What did the press know about PEDs and when did they know it?

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There’s a great piece over at Grantland. In it Bryan Curtis tracks the history of the media’s awareness and investigation of steroids in baseball from the 1980s onward. How generalized but unreportable knowledge became actual news. It’s must-click, must-read stuff.

It’s great because the guys who were there — Rosenthal, Olney, Justice, others — talk about what the culture was at the time and the challenges they faced in convincing editors to let them run steroids stories. There’s this idea that float around PED stories today that the media ignored it all back in the 80s and 90s. I agree some did and some — as detailed in the story — even worked hard to beat back PED stories that emerged.  But overall I think that’s an unfair assessment of what went on.

Reporters knew and often wanted to write about steroids, but the culture and conventions of print journalism were and continue to be such that, unless you got multiple people going on the record, editors are going to kill your story. Whether that’s good or not is another conversation — I think it’s bad in many cases as gossip and muckraking have its place — but it’s not accurate to say that all or even most reporters turned a blind eye. They were limited by journalistic convention.

But I also think that the struggle it took for these guys to get these stories to print and the “I-Team,” big-time investigative reporting culture that eventually got this stuff to the surface is why the media is so messed up in the way they pass judgment on the Steroids Era now.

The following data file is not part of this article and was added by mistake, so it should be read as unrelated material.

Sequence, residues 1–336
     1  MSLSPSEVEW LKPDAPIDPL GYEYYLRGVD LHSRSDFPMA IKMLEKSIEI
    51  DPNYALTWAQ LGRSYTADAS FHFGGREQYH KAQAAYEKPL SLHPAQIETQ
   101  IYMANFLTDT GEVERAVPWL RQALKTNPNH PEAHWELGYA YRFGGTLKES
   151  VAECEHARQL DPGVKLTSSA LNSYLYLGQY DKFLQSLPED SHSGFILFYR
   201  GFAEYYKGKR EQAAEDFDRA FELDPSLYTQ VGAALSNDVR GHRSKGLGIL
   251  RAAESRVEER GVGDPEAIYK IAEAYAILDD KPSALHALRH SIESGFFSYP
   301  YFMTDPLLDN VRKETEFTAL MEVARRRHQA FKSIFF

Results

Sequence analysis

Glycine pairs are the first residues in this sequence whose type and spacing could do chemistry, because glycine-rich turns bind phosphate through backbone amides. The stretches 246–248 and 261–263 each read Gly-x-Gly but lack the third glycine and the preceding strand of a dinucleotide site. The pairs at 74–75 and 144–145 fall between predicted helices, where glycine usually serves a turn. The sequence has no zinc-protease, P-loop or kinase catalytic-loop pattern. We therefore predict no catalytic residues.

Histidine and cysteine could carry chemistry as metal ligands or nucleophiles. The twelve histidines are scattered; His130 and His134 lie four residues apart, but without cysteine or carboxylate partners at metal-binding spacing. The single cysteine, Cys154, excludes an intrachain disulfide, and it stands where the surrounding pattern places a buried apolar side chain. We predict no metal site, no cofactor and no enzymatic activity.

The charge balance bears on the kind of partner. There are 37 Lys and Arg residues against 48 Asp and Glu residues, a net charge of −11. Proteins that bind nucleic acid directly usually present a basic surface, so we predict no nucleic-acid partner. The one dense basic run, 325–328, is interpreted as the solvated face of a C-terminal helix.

When a reporter is working hard to break something — when that one story becomes their only job for months on end, as deep-digging investigative work requires it to be — the story ends up assuming an outsized importance. It’s their whole life so it’s obviously huge to them, but that doesn’t mean that it’s the biggest thing on the planet. Or the most important thing in baseball. If you’re looking at only one thing, perspective is lost.

I feel like, because PEDs became — as Curtis deftly describes — THE BIG GET of the baseball media for a number of years, it managed to be taken as bigger than it is in terms of baseball impact by many in the media. It became the way a reporter could place his own personal stamp on baseball because, eventually, he knew that world very well and it became the media’s value proposition in baseball analysis to play up that side when people in the game would not. When the most important and most unique thing you have to say about Barry Bonds, for example, comes from the media’s reams of scoops and stories, the baseball realities of Barry Bonds — that he was nonetheless an amazing, amazing ballplayer — is lost to some degree and the PED side is oversold.

That’s just a theory, of course. And it’s obviously not a uniform one. On the one hand, someone like Selena Roberts can only see A-Rod as a PED-using awful person because she has spent years reporting and writing that story. On the other hand better reporters, like, say, Buster Olney, are able to put this stuff in perspective. But I do think it’s a case where many in the media are keen to latch on to the media’s most proprietary angle re: baseball and inflate its importance.

Anyway, take some time from your schedule today and read Curtis’ story. You won’t be sorry.

It’s the tenth anniversary of the biggest rout in baseball history

Associated Press
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Ten years ago today the Rangers and the Orioles squared off at Camden Yards. The Orioles built a 3-0 lead after three innings and then all hell broke loose.